Open Access

Potential-based routing for supporting robust any-to-any communication in wireless sensor networks

  • Shinya Toyonaga1Email author,
  • Daichi Kominami2,
  • Masashi Sugano3 and
  • Masayuki Murata1
EURASIP Journal on Wireless Communications and Networking20132013:278

https://doi.org/10.1186/1687-1499-2013-278

Received: 13 June 2013

Accepted: 7 November 2013

Published: 5 December 2013

Abstract

In most applications, wireless sensor networks are supposed to operate in an unattended manner for a long period after sensor nodes’ deployment. However, in such networks, sensor nodes frequently become faulty and unreliable because of the harsh environment of the observed area. Therefore, protocols used in wireless sensor networks must be designed to be robust. Moreover, because the battery capacity of a node is limited, energy savings are crucial in wireless sensor networks. To meet the requirements of future diverse wireless sensor networks, a sophisticated any-to-any routing protocol is thus required. As well as meeting the typical demands of wireless sensor networks, an any-to-any routing protocol needs to achieve low energy consumption, high scalability, robustness, and reliability. In this paper, we realize a potential-based any-to-any routing protocol (PBAR) by merging potential-based upstream and downstream routing. In PBAR, sensor nodes can send data to a certain sensor node by routing the data via a sink node. In simulation experiments, we show that, given a suitable node density, PBAR attains a data delivery ratio greater than 99.7%. We also show that the data delivery ratio recovers immediately after failure of 30% of sensor nodes or failure of a sink node.

Keywords

Sensor networks Potential-based routing Any-to-any routing Simulation

1 Introduction

Wireless sensor networks have recently attracted attention as a fundamental technology of the Internet of Things, an energy management system, or an emergency system. The cost reduction of sensors has led to and is expected to continue to lead to an increase in the use of wireless sensor networks. In most applications, sensor nodes are supposed to operate in an unattended manner for a long period after their deployment. Owing to the harsh environment of wireless sensor networks and the large number of sensor nodes, it is not uncommon that sensor nodes become faulty and unreliable [1]. Therefore, it is essential that protocols used in wireless sensor networks are robust. In this paper, robustness means that the performance does not degrade even when a node fails. Moreover, energy savings are important in wireless sensor networks because sensor nodes are generally battery-powered.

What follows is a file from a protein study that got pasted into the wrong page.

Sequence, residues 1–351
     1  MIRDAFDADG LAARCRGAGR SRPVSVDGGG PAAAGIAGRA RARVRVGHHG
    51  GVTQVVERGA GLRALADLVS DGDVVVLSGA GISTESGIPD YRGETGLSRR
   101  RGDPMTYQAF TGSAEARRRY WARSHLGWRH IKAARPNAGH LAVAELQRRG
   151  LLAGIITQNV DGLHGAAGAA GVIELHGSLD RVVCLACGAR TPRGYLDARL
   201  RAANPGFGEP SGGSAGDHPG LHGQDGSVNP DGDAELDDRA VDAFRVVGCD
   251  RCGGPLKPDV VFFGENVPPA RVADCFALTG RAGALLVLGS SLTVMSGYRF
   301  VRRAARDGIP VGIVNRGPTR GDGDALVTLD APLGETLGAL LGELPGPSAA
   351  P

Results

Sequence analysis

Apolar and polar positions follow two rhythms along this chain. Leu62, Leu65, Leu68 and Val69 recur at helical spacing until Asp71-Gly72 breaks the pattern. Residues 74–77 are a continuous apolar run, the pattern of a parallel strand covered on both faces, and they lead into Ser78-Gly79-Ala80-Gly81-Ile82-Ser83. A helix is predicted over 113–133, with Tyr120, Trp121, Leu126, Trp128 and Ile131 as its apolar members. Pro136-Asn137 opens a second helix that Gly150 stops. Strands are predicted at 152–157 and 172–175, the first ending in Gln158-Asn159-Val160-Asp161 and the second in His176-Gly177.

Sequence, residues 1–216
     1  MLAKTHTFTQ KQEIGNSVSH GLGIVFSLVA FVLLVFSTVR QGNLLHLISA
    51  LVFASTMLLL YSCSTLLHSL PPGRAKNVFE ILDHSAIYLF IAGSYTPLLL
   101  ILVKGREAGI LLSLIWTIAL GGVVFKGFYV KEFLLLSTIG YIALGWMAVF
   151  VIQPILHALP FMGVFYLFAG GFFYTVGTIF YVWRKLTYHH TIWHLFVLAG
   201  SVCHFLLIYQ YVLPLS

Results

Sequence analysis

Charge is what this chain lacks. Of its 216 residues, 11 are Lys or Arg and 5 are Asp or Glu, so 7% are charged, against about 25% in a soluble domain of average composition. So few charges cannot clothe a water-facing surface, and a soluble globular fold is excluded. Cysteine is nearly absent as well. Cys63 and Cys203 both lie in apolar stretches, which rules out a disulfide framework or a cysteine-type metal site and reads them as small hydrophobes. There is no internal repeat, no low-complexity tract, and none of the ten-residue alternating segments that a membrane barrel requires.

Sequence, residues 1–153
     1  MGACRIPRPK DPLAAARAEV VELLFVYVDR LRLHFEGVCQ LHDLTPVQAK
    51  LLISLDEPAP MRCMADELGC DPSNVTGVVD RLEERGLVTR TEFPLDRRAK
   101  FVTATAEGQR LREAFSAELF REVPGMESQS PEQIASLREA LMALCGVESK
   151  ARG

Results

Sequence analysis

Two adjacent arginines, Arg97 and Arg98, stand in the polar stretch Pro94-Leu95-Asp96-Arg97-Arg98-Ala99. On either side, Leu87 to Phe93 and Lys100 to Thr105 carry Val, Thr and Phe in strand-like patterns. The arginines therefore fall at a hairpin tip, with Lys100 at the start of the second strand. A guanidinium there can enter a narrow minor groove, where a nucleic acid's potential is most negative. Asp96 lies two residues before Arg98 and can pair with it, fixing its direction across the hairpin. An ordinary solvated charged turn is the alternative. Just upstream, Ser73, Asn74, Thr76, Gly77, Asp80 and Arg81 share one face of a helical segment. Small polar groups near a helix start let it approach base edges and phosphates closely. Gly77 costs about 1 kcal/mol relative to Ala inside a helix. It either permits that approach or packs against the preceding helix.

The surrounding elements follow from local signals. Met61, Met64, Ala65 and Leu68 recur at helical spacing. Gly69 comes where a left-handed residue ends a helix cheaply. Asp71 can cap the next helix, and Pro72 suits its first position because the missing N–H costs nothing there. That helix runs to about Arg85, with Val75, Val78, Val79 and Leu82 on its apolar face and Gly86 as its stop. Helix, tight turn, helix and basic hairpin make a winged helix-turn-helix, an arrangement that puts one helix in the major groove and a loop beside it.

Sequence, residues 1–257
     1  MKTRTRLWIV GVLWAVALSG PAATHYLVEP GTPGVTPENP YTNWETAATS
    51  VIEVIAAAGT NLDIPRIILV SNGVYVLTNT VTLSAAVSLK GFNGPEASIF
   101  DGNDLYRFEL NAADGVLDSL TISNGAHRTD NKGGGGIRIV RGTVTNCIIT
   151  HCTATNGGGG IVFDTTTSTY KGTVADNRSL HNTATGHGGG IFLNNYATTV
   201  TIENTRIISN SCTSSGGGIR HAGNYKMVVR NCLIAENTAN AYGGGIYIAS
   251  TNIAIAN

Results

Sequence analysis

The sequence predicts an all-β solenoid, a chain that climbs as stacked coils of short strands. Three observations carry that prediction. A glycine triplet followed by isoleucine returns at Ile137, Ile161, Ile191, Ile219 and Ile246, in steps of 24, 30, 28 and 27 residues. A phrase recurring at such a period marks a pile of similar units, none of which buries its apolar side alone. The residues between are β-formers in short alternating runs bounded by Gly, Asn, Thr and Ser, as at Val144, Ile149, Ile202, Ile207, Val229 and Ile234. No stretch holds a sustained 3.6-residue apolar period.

Further expansion of future applications of wireless sensor networks will diversify the demands of the networks. To meet the requirements of future wireless sensor networks, a sophisticated any-to-any routing protocol needs to be realized. For an example of such applications, in-network processing such as reactive tasking, data querying, or data-centric storage requires communication between sensor nodes [2]. In addition to typical demands of wireless sensor networks, an any-to-any routing protocol needs to realize low energy consumption, high scalability, robustness, and reliability [3].

During the past few decades, various many-to-one upstream (sensor-to-sink) routing protocols have been studied since an upstream communication pattern and limited resources of sensors are assumed. Many potential-based routing protocols, which are one type of such routing protocols, aim for low overheads, high scalability, and energy balancing [47]. In potential-based upstream routing (PBUR), each node has a scalar value that is called its potential. Each node calculates its potential according to local information, such as the potentials or residual energy of the neighbor nodes. A sensor node whose hop count to a sink is smaller (larger) has a higher (lower) potential. Therefore, if a node sends data to its neighbor node with higher potential, the data will ultimately reach a sink node. Since these potential fields are constructed on the basis of purely local information, PBUR is highly scalable. PBUR is also robust because the potential field is changed dynamically and adapts to the condition of the network by updating potentials periodically. Moreover, if these potential fields are constructed according to residual energy, load balancing can be realized.